The green shift requires more than a few cents in petrol tax / Columns / The Foreigner

The Foreigner The green shift requires more than a few cents in petrol tax. OPINION: This was supposed to be the year for the big green shift and delivery of promises of an “all-time high budget” for the climate and the environment. What we got in the recent state budget 2017 proposal was a few cents in petrol taxes. The state budget is the most important document from the government. It describes what the priorities are for the coming year and sets the direction for the country. For the entire 2013-17 parliamentary period, the government has promised to take Norway through the green shift where we become less dependent on oil and gas. You have to be an extreme optimist to find traces of the so-called green shifts in the proposed budget for 2017 that was presented last week. The government has pledged to cut greenhouse gas emissions by 40 percent by 2030. However, the state budget provides no answers as to how to do this. Actually, the emission projections in the budget are signalling a reduction of Norway’s emissions by only 2.1 percent in 2030, despite commitments to cut 40 percent in the same period. There are few, if any, traces of the large green shift needed for greenhouse gas emissions to be reduced. Without knowing how much emissions are going to increase or decrease, we will not know how the government will implement the green shift.

energy, environment, globalwarming, co2, tax, cars, oil, gas, globalwarming, budget, paywall



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The green shift requires more than a few cents in petrol tax

Published on Thursday, 13th October, 2016 at 21:07 under the columns category, by Nina Jensen.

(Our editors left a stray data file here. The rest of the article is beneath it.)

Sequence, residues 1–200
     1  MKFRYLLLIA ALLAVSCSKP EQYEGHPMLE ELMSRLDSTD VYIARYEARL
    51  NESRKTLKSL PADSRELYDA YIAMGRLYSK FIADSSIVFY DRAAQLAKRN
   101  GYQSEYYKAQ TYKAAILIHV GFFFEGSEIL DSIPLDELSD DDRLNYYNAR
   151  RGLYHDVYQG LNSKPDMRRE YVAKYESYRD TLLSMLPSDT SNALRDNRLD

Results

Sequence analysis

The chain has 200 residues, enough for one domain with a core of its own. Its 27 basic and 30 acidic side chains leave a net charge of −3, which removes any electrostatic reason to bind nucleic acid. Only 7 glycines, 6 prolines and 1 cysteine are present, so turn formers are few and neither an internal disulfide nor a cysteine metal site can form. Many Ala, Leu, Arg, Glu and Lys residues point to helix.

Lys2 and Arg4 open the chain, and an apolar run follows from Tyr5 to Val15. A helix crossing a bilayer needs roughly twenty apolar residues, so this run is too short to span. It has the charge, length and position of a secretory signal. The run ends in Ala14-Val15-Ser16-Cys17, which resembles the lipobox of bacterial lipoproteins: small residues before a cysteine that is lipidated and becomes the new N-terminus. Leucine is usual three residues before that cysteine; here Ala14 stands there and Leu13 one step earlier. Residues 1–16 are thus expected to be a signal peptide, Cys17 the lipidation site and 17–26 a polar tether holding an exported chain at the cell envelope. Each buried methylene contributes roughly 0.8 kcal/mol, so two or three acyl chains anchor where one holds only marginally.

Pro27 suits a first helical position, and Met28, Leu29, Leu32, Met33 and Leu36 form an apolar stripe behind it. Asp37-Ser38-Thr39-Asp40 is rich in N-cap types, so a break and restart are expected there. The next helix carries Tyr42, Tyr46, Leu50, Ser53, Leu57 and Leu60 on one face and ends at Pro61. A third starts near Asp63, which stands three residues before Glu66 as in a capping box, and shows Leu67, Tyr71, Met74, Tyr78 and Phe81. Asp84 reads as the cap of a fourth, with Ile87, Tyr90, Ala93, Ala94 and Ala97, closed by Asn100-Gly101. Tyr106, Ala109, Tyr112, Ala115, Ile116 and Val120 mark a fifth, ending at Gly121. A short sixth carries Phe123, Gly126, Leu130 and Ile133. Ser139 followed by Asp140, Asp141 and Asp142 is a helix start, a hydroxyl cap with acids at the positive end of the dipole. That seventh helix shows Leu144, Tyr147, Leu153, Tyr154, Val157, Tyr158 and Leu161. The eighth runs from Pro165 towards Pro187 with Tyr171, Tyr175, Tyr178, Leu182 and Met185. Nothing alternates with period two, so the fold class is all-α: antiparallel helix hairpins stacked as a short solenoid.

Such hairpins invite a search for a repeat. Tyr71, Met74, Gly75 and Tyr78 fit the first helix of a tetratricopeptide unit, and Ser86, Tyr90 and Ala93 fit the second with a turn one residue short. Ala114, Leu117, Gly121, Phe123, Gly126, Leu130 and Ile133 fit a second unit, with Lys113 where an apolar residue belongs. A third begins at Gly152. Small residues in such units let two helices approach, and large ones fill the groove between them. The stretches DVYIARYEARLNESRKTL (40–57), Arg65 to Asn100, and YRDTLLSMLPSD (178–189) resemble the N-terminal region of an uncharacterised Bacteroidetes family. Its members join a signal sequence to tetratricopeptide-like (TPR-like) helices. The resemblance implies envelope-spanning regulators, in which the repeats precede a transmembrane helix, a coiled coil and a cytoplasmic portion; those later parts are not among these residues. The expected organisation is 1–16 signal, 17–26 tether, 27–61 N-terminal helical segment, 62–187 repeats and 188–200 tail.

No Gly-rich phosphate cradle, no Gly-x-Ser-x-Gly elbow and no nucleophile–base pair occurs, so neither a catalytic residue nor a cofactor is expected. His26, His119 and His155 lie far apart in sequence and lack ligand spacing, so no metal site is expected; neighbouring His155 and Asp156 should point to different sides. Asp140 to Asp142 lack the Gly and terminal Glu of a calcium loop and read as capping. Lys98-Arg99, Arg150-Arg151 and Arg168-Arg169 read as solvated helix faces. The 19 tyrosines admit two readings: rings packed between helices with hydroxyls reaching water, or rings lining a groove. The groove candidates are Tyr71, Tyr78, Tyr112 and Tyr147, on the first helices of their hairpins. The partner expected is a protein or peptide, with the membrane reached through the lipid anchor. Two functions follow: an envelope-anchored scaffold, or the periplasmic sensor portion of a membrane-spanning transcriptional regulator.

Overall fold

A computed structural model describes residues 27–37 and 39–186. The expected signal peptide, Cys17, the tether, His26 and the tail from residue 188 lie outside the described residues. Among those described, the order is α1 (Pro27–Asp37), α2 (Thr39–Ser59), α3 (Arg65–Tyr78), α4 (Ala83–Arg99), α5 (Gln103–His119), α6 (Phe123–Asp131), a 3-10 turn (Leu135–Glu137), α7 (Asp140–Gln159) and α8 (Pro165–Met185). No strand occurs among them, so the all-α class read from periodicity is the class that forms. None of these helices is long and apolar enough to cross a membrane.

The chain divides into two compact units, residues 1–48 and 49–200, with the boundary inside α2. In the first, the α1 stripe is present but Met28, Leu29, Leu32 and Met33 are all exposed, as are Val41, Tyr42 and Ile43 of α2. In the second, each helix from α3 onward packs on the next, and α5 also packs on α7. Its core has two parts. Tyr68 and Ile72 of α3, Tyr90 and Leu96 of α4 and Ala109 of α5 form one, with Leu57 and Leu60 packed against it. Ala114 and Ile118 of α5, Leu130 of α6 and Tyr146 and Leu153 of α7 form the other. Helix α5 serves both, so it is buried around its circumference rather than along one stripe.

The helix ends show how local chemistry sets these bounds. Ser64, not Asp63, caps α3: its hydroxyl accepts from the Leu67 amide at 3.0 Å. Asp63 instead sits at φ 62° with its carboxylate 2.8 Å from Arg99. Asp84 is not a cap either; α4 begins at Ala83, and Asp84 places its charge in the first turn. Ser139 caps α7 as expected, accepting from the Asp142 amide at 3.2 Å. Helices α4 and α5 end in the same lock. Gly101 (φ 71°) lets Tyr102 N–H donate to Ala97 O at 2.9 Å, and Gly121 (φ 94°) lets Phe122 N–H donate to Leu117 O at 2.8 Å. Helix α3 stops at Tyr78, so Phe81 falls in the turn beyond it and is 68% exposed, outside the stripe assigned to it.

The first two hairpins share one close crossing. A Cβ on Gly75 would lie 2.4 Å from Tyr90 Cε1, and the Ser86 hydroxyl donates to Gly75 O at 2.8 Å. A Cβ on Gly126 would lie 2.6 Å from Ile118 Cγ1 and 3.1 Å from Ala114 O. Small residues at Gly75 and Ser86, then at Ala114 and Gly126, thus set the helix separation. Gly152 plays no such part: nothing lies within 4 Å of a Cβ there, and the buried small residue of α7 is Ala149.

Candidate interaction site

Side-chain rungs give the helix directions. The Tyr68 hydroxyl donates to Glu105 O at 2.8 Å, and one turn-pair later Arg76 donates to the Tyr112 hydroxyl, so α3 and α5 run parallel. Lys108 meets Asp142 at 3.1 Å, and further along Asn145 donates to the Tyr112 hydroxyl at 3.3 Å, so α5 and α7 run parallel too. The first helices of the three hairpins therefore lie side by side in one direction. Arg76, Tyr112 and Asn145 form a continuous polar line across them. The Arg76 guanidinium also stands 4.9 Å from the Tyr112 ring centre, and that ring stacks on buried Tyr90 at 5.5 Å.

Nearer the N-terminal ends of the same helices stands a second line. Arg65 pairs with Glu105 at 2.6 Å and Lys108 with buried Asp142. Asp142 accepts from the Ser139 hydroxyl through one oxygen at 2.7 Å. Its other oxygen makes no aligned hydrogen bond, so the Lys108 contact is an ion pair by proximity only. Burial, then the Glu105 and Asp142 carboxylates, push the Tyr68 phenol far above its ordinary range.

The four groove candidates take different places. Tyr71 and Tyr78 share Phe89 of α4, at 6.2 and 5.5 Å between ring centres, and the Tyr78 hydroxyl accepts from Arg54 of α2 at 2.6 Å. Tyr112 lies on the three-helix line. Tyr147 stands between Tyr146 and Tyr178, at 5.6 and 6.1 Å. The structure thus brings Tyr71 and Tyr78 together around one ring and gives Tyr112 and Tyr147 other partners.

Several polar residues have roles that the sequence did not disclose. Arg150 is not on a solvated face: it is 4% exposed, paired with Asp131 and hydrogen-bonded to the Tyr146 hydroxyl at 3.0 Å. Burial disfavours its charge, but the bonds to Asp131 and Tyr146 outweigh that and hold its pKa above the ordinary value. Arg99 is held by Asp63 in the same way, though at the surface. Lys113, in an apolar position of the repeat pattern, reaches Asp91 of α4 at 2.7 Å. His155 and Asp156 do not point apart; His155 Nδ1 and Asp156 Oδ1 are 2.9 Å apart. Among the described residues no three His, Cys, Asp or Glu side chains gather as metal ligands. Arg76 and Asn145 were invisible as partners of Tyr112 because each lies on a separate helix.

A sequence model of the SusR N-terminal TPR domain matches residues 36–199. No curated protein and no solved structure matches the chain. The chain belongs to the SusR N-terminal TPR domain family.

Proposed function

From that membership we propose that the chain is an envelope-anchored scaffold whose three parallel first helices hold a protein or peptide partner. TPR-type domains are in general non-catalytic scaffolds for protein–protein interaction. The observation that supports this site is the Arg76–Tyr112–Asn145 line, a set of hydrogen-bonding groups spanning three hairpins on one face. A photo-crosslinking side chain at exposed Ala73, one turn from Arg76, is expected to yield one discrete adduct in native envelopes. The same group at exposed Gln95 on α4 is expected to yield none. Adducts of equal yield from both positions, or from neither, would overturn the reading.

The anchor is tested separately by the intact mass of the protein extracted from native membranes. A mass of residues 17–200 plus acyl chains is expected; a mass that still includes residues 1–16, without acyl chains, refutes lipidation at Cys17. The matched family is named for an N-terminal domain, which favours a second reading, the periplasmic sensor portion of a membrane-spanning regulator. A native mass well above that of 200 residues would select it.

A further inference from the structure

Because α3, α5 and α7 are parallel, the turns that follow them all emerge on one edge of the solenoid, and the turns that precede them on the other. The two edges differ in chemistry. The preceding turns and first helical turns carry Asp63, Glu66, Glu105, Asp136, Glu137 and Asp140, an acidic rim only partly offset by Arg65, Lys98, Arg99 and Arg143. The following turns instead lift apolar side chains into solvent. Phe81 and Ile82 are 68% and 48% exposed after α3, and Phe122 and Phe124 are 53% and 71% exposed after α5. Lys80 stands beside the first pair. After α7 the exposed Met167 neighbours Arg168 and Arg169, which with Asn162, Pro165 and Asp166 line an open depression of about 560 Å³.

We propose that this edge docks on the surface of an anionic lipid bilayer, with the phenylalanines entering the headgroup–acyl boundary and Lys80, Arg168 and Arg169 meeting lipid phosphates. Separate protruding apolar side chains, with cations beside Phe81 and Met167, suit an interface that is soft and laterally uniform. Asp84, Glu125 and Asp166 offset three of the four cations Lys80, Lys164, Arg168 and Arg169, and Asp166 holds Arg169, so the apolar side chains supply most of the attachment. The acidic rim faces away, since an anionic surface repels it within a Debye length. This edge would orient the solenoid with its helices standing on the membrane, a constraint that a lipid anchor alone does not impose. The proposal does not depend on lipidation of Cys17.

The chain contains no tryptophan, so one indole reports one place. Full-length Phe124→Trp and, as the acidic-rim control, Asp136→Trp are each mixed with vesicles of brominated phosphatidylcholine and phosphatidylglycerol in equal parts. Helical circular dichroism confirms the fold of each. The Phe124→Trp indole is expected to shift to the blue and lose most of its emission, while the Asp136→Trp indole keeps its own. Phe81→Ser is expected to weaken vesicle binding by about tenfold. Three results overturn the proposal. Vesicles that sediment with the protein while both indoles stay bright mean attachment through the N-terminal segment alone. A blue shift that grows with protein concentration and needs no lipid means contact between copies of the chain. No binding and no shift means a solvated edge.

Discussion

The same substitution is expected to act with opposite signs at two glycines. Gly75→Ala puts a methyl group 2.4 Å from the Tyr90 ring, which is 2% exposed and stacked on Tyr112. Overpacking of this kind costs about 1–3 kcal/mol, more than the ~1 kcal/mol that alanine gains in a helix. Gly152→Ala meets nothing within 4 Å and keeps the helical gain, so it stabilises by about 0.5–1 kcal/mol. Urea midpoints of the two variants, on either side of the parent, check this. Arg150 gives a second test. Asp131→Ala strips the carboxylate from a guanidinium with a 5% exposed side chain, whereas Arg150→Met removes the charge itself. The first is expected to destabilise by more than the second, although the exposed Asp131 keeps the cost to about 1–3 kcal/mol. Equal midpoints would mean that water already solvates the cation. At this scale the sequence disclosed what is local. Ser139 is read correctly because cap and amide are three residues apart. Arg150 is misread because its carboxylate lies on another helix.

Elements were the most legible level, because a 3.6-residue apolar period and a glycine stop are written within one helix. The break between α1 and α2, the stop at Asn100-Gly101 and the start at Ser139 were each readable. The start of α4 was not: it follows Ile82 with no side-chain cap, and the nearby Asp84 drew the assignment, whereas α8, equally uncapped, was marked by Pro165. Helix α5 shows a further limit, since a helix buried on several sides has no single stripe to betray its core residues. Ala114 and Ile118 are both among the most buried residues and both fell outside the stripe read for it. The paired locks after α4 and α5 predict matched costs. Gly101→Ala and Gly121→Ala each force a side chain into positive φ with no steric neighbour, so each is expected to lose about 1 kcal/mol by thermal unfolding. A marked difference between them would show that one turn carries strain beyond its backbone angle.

OPINION: This was supposed to be the year for the big green shift and delivery of promises of an “all-time high budget” for the climate and the environment. What we got in the recent state budget 2017 proposal was a few cents in petrol taxes.



The state budget is the most important document from the government. It describes what the priorities are for the coming year and sets the direction for the country. For the entire 2013-17 parliamentary period, the government has promised to take Norway through the green shift where we become less dependent on oil and gas. You have to be an extreme optimist to find traces of the so-called green shifts in the proposed budget for 2017 that was presented last week.

The government has pledged to cut greenhouse gas emissions by 40 percent by 2030. However, the state budget provides no answers as to how to do this. Actually, the emission projections in the budget are signalling a reduction of Norway’s emissions by only 2.1 percent in 2030, despite commitments to cut 40 percent in the same period. There are few, if any, traces of the large green shift needed for greenhouse gas emissions to be reduced. Without knowing how much emissions are going to increase or decrease, we will not know how the government will implement the green shift.

The budget presentation took place in the same week as the ratification of the climate agreement from Paris. It is now for real. The world’s leaders are aiming for a maximum of 2°C warming, ideally no more than 1.5°C. The Paris Agreement does not dictate how countries should transition from fossil fuels to renewable energy, but it is obvious that the commitments require concrete action. The proposed state budget makes it seem as though Norway is leaving it up to everyone else to find the solutions.